All factions have agreed to get armed gunmen off the streets and leave only the army and police as public security guardians. Now they are expected to follow up quickly by formally naming Suleiman as president (to which they have all agreed already), agreeing on a transitional national unity government of technocrats, and drawing up a new election law. The precise sequence of those events is one of the disputed points that must be agreed, but agreement may be easier now that the army has emerged as a pivotal arbiter and political actor.
The new domestic political balance of power in Lebanon will reflect millennia-old indigenous Middle Eastern traditions of different and often quarreling parties that live together peacefully after negotiating power relationships, rather than one party totally defeating and humiliating the other.
The idea that the Lebanese Army is now going to accept U.S. tutelage and “beefing up” is simply fanciful. Someone ought to tell the Bush White House the bad news: It lost Lebanon.
But as much as I respect Rami’s analysis, I’m not sure I share his optimism over the idea that the manner in which this round was settled could become a model for the Middle East. Here I would heed the warnings of another fine analyst and sometime Rootless Cosmopolitan contributor Alastair Crooke, writing specifically about the increasingly vacuous efforts by Western countries to “save” a two-state solution to the Israeli-Palestinian conflict. “In the region — beyond the Ramallah hothouse — there is no ‘what if?’ The failure of the two-state solution is expected, and discounted, as thinking has evolved in a different direction: The cheer-leaders among Europeans desperate to ‘rescue’ it are stuck in denial from this perspective.”
The point holds for Pax Americana more generally in the Middle East. Crooke writes:
Israel has become so accustomed to Palestinian negotiators running to talks with Israel — irrespective of the deaths of Palestinians or new announcements of further illegal settlement construction — that Israel and the US Administration … believe that an Israeli ‘signal of peace’, however cynical its motive, is enough to placate the region — and to allow Israel and the US the quiet with which to continue with their plans.
But if this is what they think, then it is little wonder that the West so regularly misreads the ground in the region: Not all Palestinians are ‘desperate’ for hope from Israel. Far from it, many are making ready against the possibility of conflict.
The feeling among Islamists, many secularists, Christians, and a number of states is of being at the cusp of fundamental change. Change is coming; and the region will not again be what it is today: This major current does not foresee the coming era to be the one that Europe or the US envisages; but something very different. Islamic movements and states such as Syria and Iran increasingly are concerned to judge the evolving strategic shifts accurately. This is more important to them than to make some tactical and short term political accommodation with western powers — no one wants to be caught on the wrong side of events.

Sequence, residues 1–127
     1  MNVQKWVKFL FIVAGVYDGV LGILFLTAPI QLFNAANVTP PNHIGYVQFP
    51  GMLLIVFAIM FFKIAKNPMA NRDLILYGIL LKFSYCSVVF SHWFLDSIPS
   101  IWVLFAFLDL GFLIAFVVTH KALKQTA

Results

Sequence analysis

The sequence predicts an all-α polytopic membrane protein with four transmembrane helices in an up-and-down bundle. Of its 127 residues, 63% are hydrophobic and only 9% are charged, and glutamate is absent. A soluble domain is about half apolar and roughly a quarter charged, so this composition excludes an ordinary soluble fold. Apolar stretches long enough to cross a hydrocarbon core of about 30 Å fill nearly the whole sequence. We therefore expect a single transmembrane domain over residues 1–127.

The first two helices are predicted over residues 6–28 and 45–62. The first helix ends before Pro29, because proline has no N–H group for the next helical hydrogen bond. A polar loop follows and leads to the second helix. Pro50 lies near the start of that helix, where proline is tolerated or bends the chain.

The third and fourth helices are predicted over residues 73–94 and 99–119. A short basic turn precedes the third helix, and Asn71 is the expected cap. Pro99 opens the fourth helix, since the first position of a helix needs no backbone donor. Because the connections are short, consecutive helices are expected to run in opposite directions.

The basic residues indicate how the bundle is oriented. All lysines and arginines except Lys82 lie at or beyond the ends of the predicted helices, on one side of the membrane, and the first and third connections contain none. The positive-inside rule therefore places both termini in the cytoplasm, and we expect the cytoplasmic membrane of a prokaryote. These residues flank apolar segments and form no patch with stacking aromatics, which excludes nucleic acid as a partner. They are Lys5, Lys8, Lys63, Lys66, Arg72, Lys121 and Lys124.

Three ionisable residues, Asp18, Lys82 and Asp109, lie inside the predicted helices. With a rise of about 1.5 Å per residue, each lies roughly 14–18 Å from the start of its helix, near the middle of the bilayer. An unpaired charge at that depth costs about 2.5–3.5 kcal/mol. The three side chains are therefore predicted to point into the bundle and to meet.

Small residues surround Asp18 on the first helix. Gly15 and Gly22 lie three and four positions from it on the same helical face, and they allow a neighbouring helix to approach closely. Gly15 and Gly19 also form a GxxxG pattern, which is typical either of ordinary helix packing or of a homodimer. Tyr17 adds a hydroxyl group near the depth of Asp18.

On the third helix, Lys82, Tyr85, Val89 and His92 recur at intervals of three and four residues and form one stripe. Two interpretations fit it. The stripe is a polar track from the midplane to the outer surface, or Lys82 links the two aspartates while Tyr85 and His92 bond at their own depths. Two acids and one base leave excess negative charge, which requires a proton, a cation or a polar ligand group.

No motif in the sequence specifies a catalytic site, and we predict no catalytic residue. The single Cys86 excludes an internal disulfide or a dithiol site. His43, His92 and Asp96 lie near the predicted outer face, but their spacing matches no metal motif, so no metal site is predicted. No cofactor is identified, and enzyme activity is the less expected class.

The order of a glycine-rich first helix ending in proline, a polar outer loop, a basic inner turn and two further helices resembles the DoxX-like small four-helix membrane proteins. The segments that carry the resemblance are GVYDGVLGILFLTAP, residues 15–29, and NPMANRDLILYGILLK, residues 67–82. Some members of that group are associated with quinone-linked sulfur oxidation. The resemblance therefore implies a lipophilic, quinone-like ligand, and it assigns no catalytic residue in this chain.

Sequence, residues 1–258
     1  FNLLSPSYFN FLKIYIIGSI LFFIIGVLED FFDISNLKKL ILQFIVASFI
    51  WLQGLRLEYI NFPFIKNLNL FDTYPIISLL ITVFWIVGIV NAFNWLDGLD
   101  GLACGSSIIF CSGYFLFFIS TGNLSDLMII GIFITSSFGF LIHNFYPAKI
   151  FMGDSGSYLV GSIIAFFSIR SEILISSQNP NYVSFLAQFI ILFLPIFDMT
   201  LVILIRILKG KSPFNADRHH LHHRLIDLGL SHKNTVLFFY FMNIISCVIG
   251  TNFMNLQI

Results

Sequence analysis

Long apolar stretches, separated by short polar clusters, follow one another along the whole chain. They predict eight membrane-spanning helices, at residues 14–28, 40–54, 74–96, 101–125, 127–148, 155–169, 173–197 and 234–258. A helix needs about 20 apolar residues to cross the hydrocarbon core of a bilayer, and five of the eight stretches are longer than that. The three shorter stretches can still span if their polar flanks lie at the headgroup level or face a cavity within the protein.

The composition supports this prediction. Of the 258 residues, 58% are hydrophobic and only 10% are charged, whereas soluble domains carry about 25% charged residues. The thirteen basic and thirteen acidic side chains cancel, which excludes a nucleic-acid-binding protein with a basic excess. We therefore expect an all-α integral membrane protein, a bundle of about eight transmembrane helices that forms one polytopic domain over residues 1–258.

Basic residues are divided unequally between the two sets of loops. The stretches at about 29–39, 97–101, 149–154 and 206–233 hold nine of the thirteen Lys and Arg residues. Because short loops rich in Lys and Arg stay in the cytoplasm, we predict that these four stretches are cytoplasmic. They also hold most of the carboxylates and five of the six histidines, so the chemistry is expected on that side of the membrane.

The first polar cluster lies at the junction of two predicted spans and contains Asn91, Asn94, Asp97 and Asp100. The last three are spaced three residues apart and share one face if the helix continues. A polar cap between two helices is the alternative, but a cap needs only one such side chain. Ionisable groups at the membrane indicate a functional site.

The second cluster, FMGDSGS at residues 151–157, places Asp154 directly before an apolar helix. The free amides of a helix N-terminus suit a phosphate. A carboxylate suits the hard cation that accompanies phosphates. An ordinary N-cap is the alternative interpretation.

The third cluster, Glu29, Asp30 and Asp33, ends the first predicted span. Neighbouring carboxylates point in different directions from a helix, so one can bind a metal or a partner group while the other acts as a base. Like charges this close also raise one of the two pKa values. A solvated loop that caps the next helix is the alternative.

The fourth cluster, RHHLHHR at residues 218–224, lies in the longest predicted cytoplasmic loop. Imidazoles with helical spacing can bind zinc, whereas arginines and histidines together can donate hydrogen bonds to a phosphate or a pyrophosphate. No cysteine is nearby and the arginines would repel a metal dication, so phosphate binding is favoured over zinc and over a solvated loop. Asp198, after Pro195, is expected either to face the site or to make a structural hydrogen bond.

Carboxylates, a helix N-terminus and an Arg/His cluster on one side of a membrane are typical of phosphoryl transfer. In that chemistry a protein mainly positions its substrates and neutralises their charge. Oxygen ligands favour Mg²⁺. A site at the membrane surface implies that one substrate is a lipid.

Underlying this psychological mood-shift is the realisation that neither Israel nor the US seems able to come to terms with the key outcome from the two Gulf conflicts: the inevitable emergence of Iran as a pre-eminent regional power. Similarly, the consensus is that the US is incapable also of coming to terms with the prospect of Islamist empowerment; and therefore of adjusting its secular, free-market vision for the region. And there is no sense that Europe or Israel or the US understands the nature or the energies being released by the growing forces of ‘resistance’. … there is no real sense that Israel or its US and European friends possess the political resources to make a strategic change of direction; or even to come to terms with Iranian or Islamist empowerment.
Crooke sees in this inability by the Bush-led Western alliance to grasp the reality of the changes that have occurred in the Middle East a growing likelihood of war:
The dynamic of waning western power to shape events as the West would like, is that sooner or later, the risk of a clash between the polarised forces of the West with some part of the ‘axis-of-resistance’ becomes much greater. When Annapolis, Iraq and the current Israeli overtures to take Syria out from the ‘axis’ fail; when western options narrow; and when its ‘peace initiatives’ come-up empty, logic argues that a frustrated West is likely to resort to military means to weaken or break the ‘resistance’.
Syria and the Lebanese understand that they are in the frontline in this event — as much as Iran; and all are mentally stiffening themselves against this prospect. The region is not ‘desperate’ for peace: It would welcome it, of course; but much of it is also preparing and judiciously expecting the worst. It is the West’s lack of recognition of the strength and rigour of this new psychology of resilience towards prospective conflict, and of lack of understanding why western policies are seen as so dangerously inadequate and misconceived, that pushes many in the region to believe that a West, sunk in deep denial, carries with it the probability of conflict — whether inadvertent or deliberate. Unless it is understood that it is this strategic focus that preoccupies Iran, Syria, Hesballah and Hamas, their thinking cannot begin to be judged accurately — and grave mistakes may occur.
Crooke’s description of a hardening in preparation for war, to my mind, offer the best explanation for what drove Hizballah’s handling of the most recent crisis. If the choice facing the punch-drunk Bush Administration is between responding sensibly and creatively to the changed reality — as Rami Khouri suggests they ought to — and lashing out militarily in the hope of reversing the new balance of forces, as Alastair Crooke suggests they will, I’m afraid my money is on the Bush Administration maintaining its dismal record.